Two basic principles. Do I understand correctly?

Thanks to great tech support I finally got my XL to work. I have ended up buying Cut2d and use um, the open source Universal CNC Sender for driving the router. I’m a Mac user so running a Win machine has been its own bundle of larfs!

(1) The C3D app Carbide Motion always wanted to Home the machine which made me think that was an important step but I realized it really wasn’t. The few pieces I have cut I made the home position bottom left in my design. I zeroed the machine roughly where I thought the cut should start and everything worked out fine.

So why all the homing that C3D does? After such great help from tech support I am loathe to knock their software but Motion is one of the worst apps I have ever used. No interface to speak of and no cancel buttons when u get into the homing cycle.

(2) Designing in Cut2d - am I right in assuming that if I import a vector that has a fill, not just the outline, will Cut2d create a tool path that will cut out the areas that are filled rather than just the outline?

The few pieces I have cut really impressed me with the clean cut and the speed. Only used MDF but for the art I want to make that is my material of choice. Based on the size of the XL work area I can get 9 pieces roughly 16" x 32" out of a 4’ x 8’ sheet. My pieces are all going to be roughly 15" square so I end up with 18 pieces out of a large sheet.

Lots of fun.

Thanks, Les

In CM when it homes the machine it establishes that as a reference absolute position. When you jog to a point you want your job to start at and zero it there CM remembers that zeroed (job start) position in relation to the home position. When a job is finished the machine returns to home.If you wanted to do a series of the same job or wanted to repeat it or needed to do a tool change you can move exactly back to the zeroed position quickly with the Rapid Position button. You can’t do that if the machine hasn’t been homed.


To add to waht JaredHooper said about homing, I found having it really saved me this weekend.

My Shapeoko was doing a series of cuts but I’d messed up programming a series of cuts and the Shapeoko lost its positioning because it couldn’t move through I chunk of wood that wasn’t actually cut away. By homing it, it was able to quickly and perfectly regain it’s positioning and I was able to fix up the cuts and the last hour of carving was salvaged.

I was very happy to have the homing switches after that.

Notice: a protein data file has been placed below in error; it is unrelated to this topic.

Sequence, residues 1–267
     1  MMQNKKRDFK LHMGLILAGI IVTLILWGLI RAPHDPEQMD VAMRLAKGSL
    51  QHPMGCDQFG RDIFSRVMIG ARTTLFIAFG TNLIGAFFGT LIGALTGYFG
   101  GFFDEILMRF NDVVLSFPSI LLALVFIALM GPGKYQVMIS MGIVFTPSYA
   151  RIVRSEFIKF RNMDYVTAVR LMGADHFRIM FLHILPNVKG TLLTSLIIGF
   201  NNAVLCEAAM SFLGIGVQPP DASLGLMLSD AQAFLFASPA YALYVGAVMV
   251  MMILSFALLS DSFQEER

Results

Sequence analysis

Hi, I’m new to all of this too.

For the homing question, see this thread I started a month ago: A couple of questions about homing the XL

Will Adams links to some references that really cleared up the value of homing for me. If all you’re doing is a single work session with no tool change, homing is an unnecessary extra step unless something goes wrong as mentioned in a previous post. However, I think it’s probably a good idea to get in the habit of making that part of your workflow now anyway so that when(if) you start doing more complicated jobs you’ll be ready.

I agree that Carbide Create isn’t the prettiest software but I find it perfectly functional for my purposes. I’ve been a PC user most of my life and I am used to working with open source software where often function is king and form an afterthought, so there’s that. If you’re coming from a Mac background where presentation is much more important (or so my outsider observation leads me to believe), I can imagine it would be … an experience. :slight_smile:


For point 2 — not necessarily.

One has the option of several different sorts of cuts in the Toolpath (CAM) options for Carbide Create — pick the one which meets your needs.

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Actually you can move back to the zeroed position quite easily without homing. I can’t remember what the button is but it moves there because just like when homing you are still zeroing on your work. Once you have zeroed then that’s remembered in the machine unless you turn it off or something to do a tool change which there is no point in doing. I disabled my homing switches after having so many problems with them and I’m much quicker without them. Tool changes are a breeze because now instead of the machine going away from me after it finishes a job because it would go home, now it goes to my zero I set and I turn off the router and move it towards me to change the tool. Hit the button for it to go back and boom back to zero, just have to reset the zero for z and that’s it. Homing to me on this machine since its so slow and tedious is really a waste of time.

So there is no need to home to the limits of the stop switches?

If I am cutting something and then it needs to change cutters doesn’t it just stop moving waiting for me to change cutter? AND THEN CARRIES ON OBLIVIOUS TO THE HOMING POINT BACK RIGHT? Damn sorry about all caps!

But then I read the messages about tools breaking and stuff like that and I can see how you might want it to move to a point off the workpiece.

Does the Shapeoko remember home or does the app?


The app remembers where you zero it at once you set it. So zero x,y, and then I move my cutter to the work piece and zero z. If I had the app in front of me connected I could tell you the button you hit to get it back zero x/y but I don’t but its there and I’ll post it later. So once you run the program and its done it will move back to that same 0/0. From there you can move it using the jogging buttons off of the work piece and then move the z up or down by eye to make sure when you hit the button for 0/0 that it doesn’t hit the work piece and break like you said. From there you just reset your z for the new cutter and run the next program. Simple as that and I do it seriously daily multiple times a day.